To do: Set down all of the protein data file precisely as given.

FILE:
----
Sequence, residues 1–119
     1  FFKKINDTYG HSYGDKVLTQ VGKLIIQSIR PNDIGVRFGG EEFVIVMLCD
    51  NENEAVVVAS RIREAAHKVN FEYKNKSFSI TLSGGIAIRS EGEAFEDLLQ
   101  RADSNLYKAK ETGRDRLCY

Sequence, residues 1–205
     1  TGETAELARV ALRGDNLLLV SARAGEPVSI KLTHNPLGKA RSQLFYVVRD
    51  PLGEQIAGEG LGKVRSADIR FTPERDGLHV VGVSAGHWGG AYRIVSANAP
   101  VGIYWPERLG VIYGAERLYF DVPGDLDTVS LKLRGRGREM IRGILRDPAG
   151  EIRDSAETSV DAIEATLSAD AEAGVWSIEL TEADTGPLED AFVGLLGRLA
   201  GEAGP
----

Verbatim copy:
Sequence, residues 1–119
     1  FFKKINDTYG HSYGDKVLTQ VGKLIIQSIR PNDIGVRFGG EEFVIVMLCD
    51  NENEAVVVAS RIREAAHKVN FEYKNKSFSI TLSGGIAIRS EGEAFEDLLQ
   101  RADSNLYKAK ETGRDRLCY

Sequence, residues 1–205
     1  TGETAELARV ALRGDNLLLV SARAGEPVSI KLTHNPLGKA RSQLFYVVRD
    51  PLGEQIAGEG LGKVRSADIR FTPERDGLHV VGVSAGHWGG AYRIVSANAP
   101  VGIYWPERLG VIYGAERLYF DVPGDLDTVS LKLRGRGREM IRGILRDPAG
   151  EIRDSAETSV DAIEATLSAD AEAGVWSIEL TEADTGPLED AFVGLLGRLA
   201  GEAGP